Query volume considerations

Queries per second (QPS) is an important metric during performance tuning, but it's generally only a tier consideration if you expect high query volume at the outset.

The Standard tiers can provide a balance of replicas and partitions. You can increase query turnaround by adding replicas for load balancing or add partitions for parallel processing. You can then tune for performance after the service is provisioned.

If you expect high sustained query volumes from the outset, you should consider higher Standard tiers, backed by more powerful hardware. You can then take partitions and replicas offline, or even switch to a lower-tier service, if those query volumes don't occur. For more information on how to calculate query throughput, see Monitor queries.

The Storage Optimized tiers are useful for large data workloads, supporting more overall available index storage for when query latency requirements are less important. You should still use additional replicas for load balancing and additional partitions for parallel processing. You can then tune for performance after the service is provisioned.

Service-level agreements

The Free tier and preview features aren't covered by service-level agreements (SLAs). For all billable tiers, SLAs take effect when you provision sufficient redundancy for your service. You need to have two or more replicas for query (read) SLAs. You need to have three or more replicas for query and indexing (read-write) SLAs. The number of partitions doesn't affect SLAs.

Tips for capacity planning

  • Allow metrics to build around queries, and collect data around usage patterns (queries during business hours, indexing during off-peak hours). Use this data to inform service provisioning decisions. Though it's not practical at an hourly or daily cadence, you can dynamically adjust partitions and resources to accommodate planned changes in query volumes. You can also accommodate unplanned but sustained changes if levels hold long enough to warrant taking action.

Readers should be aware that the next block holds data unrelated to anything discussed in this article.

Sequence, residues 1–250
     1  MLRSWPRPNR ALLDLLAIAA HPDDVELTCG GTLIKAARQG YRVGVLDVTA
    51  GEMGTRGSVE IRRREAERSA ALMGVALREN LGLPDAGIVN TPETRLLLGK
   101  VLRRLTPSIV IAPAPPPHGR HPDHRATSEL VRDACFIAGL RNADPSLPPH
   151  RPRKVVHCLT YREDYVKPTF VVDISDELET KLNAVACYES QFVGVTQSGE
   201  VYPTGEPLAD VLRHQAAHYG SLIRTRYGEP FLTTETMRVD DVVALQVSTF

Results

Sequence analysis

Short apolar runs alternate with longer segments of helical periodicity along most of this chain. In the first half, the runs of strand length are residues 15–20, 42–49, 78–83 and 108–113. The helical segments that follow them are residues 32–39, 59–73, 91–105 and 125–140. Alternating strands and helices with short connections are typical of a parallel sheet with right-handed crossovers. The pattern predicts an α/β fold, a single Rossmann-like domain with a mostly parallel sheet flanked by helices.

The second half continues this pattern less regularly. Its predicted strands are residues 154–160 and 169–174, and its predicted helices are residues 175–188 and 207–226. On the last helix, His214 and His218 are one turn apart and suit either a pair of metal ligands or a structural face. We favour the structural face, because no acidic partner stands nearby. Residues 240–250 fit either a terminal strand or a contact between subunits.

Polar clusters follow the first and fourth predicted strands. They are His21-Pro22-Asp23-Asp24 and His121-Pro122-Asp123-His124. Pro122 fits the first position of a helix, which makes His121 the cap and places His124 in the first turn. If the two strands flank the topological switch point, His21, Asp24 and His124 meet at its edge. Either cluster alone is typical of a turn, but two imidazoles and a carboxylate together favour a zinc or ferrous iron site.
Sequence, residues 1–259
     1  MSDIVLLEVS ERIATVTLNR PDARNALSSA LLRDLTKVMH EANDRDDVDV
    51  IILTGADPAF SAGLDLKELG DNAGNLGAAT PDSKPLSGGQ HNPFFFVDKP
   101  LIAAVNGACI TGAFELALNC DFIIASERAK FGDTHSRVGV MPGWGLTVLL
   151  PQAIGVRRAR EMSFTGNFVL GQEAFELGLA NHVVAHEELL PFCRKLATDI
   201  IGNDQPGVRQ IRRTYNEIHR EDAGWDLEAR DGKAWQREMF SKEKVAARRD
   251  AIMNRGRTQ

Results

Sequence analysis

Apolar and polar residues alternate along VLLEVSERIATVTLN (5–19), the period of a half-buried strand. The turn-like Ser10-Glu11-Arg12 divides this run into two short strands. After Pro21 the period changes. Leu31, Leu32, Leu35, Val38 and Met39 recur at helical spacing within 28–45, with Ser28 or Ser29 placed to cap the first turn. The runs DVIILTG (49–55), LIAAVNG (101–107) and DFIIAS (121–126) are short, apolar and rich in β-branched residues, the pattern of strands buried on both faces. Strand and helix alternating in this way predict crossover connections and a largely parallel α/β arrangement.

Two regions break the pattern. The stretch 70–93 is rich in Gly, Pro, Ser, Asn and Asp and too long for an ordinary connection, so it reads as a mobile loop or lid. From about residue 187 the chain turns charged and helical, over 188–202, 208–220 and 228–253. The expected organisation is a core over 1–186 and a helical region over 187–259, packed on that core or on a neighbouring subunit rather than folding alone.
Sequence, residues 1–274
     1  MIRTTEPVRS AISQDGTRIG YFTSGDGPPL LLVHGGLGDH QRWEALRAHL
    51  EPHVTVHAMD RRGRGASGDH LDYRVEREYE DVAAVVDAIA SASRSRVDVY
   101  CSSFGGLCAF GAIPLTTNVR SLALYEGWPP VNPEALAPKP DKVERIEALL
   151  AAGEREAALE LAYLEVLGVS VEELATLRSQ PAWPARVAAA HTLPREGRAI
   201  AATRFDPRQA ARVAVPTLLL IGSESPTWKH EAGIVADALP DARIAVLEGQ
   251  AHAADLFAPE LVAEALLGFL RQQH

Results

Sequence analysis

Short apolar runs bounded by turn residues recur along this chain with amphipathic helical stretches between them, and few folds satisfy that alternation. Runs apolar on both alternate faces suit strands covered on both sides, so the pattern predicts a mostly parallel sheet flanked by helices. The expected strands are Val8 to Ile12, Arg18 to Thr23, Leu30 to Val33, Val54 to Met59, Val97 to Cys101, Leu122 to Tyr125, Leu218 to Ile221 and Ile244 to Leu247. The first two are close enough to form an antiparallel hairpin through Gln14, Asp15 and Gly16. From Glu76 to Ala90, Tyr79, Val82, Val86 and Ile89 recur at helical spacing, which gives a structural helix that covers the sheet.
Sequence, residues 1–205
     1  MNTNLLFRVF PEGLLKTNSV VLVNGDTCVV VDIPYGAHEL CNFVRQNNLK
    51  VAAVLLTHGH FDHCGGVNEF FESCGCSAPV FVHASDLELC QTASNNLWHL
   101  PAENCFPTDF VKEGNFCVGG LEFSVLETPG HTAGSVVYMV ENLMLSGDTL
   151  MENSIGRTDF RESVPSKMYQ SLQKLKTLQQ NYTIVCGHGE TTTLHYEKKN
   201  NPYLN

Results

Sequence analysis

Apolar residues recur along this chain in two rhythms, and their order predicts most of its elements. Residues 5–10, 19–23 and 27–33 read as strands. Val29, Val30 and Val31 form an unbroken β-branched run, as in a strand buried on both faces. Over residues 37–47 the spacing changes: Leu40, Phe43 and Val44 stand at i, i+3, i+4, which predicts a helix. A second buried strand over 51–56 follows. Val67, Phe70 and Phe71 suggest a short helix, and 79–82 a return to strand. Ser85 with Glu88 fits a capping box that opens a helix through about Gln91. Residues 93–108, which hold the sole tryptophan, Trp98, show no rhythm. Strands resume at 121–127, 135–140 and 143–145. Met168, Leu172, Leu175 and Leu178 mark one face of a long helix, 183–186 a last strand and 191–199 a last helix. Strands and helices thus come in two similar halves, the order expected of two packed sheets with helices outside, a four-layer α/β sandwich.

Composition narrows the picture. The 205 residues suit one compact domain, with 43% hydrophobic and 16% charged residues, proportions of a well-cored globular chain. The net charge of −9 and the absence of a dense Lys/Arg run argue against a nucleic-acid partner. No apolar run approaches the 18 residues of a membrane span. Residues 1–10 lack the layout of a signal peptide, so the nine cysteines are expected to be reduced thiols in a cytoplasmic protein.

• Remember that the only downside of under provisioning is that you might have to tear down a service if actual requirements are greater than your predictions. To avoid service disruption, you would create a new service at a higher tier and run it side by side until all apps and requests target the new endpoint.

When to add capacity

Initially, a service is allocated a minimal level of resources consisting of one partition and one replica. The tier you choose determines partition size and speed, and each tier is optimized around a set of characteristics that fit various scenarios. If you choose a higher-end tier, you might need fewer partitions than if you go with S1. One of the questions you'll need to answer through self-directed testing is whether a larger and more expensive partition yields better performance than two cheaper partitions on a service provisioned at a lower tier.

A single service must have sufficient resources to handle all workloads (indexing and queries). Neither workload runs in the background. You can schedule indexing for times when query requests are naturally less frequent, but the service won't otherwise prioritize one task over another. Additionally, a certain amount of redundancy smooths out query performance when services or nodes are updated internally.

Some guidelines for determining whether to add capacity include: